In most receivers, a mixing scheme such as the one in FIG. 2, is used to provide injection to the first mixer. The Vfo operating at 5.0 to 5.5 MHz is mixed with several crystal oscillators as shown in our example. The mixing products are carefully filtered out at the output of the mixer which in our case is an active MC1596. The corresponding capacitors are automatically introduced in the transformer/filter circuit T1 by the band switch wafers SC and SD as shown. This scheme provides good results over the switched Vfo by basing most of its stability on the crystal oscillators. If a different frequency scheme is contemplated, even a lower frequency Vfo could be considered, putting most of the stability burden on the crystal oscillators. (A Vfo should be kept as low as possible in frequency, because stability can be achieved easier there). The mixing scheme should be chosen with extreme care since this additional mixing process generates a multitude of products which could interfere with the receiver's performance. A full system analysis should be performed prior to the circuit design by using the method previously discussed. It can be seen from this discussion that the plain Vfo would be preferred from a spurious response point of view, however stability problems introduced by switching, yield mixing schemes which in turn intro duce unwanted spurious products which could carry through the entire receiver. The real solution for solving the stability problem is the frequency synthesizer, but the design becomes much more complex, contrary to popular belief.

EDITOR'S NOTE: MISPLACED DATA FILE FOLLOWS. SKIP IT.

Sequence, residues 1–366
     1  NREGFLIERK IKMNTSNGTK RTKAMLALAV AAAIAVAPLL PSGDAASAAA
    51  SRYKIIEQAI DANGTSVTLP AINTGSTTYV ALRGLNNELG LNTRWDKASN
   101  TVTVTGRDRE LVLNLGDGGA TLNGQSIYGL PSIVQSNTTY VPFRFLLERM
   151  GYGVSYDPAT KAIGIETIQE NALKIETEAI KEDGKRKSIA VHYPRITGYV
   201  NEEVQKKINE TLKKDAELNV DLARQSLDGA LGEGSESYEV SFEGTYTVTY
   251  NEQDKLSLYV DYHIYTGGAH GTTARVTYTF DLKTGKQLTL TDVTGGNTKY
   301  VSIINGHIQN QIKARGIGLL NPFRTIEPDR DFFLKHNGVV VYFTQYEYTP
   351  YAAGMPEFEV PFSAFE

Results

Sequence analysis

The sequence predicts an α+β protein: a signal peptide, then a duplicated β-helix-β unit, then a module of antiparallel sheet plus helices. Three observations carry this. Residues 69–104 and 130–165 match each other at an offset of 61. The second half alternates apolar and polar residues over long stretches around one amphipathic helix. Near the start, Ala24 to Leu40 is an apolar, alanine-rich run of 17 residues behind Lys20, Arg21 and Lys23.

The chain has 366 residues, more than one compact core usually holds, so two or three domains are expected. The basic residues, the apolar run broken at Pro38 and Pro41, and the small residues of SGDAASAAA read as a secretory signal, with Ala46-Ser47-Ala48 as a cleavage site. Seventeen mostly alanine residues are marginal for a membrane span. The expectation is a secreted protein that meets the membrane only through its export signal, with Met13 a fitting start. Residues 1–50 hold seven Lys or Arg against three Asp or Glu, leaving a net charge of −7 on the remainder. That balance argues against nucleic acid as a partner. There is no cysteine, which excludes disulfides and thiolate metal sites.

FIG. 3. A typical phase-locked loop synthesizer. Resolution is 100 Hz.


Although there are many types of frequency synthesizers, the phase lock type is probably the most widely used approach in communication receivers. It is very simple to understand in its basic form. Figure 3 shows a block diagram for such a synthesizer. This scheme could be used to generate the entire range of frequencies of 10.8 to 21 MHz necessary for the local oscillator injection in our 9 MHz i-f communication receiver example.